Don't Smoke In Their Presence

That just borders on cruelty to light up a cigarette and puff on it while your friend or family member is trying to quit the habit.

Surely you can find some other place to smoke while in their presence, can you not?

Are you a good enough friend to endure the inconvenience your friend's quitting is causing you?  If you answer no to this basic friendship test, then you might not be any better than the cigarette is for your companion.  Prove your worth, remember not to smoke if you are with someone trying to quit.


Become A Cheerleader

 Rather than engaging in negative actions, be that special friend who is a great means of support for the smoker. Be their personal cheerleader who only offers encouraging and supporting words that strengthen the will power.

Can the smoker call you on the phone when a distraction is needed in order not to smoke? A phone buddy is essential for the majority of people trying to quit. Make yourself available to those close to you who are trying to quit.

Don't allow a pessimistic attitude to engulf the smoker. It is easy to become negative if while in the withdrawal phase the smoker relapses and begins smoking again. Imagine if you reinforced the "I'm too far gone" attitude exhibited by agreeing with the smoker. Or if you remind them just how long they have smoked without being able to quit. Which would just make them feel it is an impossible mountain to climb.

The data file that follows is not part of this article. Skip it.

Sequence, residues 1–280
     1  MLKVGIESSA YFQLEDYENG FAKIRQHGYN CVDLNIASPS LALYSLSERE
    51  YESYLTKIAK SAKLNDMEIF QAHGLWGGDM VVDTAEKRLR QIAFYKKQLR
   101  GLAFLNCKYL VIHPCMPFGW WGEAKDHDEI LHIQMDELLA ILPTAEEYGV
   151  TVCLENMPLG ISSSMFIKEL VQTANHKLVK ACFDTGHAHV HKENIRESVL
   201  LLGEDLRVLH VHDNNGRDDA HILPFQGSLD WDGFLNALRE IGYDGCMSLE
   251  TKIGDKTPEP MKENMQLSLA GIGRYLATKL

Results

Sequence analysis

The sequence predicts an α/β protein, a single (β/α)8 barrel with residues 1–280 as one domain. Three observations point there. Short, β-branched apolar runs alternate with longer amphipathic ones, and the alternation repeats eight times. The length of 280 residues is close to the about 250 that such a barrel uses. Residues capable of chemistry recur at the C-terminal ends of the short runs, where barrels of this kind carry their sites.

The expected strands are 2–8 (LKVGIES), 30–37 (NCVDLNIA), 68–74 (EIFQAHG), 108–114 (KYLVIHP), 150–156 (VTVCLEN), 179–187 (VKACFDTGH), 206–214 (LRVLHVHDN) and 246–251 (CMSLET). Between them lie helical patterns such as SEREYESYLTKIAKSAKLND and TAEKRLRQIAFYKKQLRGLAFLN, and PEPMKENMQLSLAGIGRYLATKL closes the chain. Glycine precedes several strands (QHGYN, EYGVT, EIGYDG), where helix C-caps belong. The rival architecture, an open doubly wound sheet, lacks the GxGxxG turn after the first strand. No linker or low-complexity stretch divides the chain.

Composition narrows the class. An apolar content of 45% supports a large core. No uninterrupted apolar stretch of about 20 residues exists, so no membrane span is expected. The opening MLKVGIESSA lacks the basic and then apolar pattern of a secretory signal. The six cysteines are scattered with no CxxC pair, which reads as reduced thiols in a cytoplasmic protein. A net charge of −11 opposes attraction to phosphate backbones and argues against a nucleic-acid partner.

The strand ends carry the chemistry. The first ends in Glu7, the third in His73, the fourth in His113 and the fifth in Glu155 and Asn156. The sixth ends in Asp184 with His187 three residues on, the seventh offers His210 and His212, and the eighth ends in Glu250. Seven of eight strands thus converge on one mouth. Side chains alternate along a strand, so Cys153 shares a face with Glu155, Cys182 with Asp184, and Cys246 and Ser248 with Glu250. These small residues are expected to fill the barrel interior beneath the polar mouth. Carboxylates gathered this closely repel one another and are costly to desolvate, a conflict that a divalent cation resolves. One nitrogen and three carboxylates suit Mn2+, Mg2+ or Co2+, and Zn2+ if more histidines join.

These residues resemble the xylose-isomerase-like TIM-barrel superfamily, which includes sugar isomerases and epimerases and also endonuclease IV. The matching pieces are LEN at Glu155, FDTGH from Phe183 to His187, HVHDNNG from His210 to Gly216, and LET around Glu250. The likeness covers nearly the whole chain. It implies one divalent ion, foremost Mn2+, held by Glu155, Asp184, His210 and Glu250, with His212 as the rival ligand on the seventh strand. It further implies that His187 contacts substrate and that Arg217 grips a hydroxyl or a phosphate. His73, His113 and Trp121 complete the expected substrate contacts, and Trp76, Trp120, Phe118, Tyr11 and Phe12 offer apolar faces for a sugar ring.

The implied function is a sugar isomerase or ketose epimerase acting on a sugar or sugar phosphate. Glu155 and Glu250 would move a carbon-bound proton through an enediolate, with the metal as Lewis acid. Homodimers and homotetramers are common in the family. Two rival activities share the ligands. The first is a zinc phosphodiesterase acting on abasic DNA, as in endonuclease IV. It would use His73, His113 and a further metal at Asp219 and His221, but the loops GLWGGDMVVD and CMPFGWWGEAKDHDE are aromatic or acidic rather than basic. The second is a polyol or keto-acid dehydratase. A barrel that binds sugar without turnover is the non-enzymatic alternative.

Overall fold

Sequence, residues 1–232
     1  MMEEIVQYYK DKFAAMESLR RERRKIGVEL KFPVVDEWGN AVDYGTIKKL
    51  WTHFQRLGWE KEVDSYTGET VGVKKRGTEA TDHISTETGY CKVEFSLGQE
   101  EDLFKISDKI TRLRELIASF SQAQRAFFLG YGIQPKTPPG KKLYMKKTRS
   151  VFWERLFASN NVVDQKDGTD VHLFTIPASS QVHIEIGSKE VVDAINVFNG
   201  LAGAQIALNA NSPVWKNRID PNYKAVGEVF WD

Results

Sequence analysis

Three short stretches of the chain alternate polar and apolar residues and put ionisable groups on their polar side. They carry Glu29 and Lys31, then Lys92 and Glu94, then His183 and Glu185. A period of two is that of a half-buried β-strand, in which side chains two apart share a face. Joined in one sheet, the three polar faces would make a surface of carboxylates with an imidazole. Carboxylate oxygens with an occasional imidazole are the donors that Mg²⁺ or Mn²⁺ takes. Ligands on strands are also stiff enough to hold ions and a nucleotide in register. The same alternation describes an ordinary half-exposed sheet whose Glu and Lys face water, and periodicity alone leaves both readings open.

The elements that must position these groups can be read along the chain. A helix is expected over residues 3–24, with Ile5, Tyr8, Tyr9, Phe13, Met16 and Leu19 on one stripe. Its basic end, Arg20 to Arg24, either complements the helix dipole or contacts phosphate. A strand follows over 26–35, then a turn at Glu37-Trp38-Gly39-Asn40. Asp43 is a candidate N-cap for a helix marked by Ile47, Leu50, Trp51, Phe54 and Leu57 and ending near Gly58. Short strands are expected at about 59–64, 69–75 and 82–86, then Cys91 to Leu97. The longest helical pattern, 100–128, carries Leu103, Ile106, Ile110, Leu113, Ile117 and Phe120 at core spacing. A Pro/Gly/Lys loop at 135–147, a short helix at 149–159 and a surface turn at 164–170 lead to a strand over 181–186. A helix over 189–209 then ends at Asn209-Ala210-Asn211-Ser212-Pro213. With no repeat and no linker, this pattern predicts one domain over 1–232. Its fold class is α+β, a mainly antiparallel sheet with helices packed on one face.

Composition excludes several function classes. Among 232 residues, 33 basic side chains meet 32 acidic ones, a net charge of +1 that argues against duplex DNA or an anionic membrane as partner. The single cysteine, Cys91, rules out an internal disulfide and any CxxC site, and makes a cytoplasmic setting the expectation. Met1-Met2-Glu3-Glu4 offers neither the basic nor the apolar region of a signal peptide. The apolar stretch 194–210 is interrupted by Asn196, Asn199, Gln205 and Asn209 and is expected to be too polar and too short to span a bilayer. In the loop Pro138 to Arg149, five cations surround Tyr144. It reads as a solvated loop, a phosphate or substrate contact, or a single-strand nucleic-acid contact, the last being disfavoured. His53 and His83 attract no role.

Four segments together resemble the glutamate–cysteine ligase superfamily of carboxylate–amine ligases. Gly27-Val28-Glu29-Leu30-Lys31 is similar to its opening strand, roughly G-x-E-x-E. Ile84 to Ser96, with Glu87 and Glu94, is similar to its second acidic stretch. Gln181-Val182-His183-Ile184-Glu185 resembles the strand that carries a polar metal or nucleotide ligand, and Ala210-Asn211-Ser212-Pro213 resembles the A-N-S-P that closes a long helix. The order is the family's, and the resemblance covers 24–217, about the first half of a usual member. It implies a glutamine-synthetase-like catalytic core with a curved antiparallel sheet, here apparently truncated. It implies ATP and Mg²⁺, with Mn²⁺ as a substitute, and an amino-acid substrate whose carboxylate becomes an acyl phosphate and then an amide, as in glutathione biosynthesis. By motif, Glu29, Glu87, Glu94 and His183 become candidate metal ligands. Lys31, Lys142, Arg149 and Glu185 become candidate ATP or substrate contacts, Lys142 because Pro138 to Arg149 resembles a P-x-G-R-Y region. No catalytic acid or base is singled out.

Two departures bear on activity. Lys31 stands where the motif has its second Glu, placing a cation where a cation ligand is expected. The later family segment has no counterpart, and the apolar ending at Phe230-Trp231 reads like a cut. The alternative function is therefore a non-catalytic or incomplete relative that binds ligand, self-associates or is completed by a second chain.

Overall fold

Even a cliché spoken with love would be better than throwing in the towel with your friend.

So always cheer them on regardless of failures that must be overcome.

How Long Will You Be Needed?

It is hard to say how long you will need to be long-suffering.

Nicotine withdrawal usually peaks 3 days after the last cigarette is smoked and should subside in two weeks.  But even during this time of subsiding withdrawal, the cravings will come in waves.

Smokers have noted that even years later, out of the blue, they may feel a sudden urge to smoke. When your friend needs you, encourage them to wait 5 minutes for the craving to subside.

When suffering symptoms, remind the smoker that they (the symptoms) will usually subside in 2-4 weeks.


If round numbers are easier to focus on, make it a month from the time the last cigarette is smoked, to the time when cravings and withdrawal symptoms will become more manageable.

Remind the smoker the countdown has begun with only 29 . . . . 28 . . .  27 . . . more days to go.

Always remind them there is light at the end of their tunnel. A healthier life is just ahead.

When All Is Said and Done

After all is said and done, it boils down to the will power of the smoker and the ability to not accept defeat even if a slip is made.  There are things smokers should do to help themselves, but since this article is about what others can do to assist smokers, it won't be included in this writing.

Be a good and supportive friend so that you can look back with no regrets when your friends or others come to you for help to quit smoking.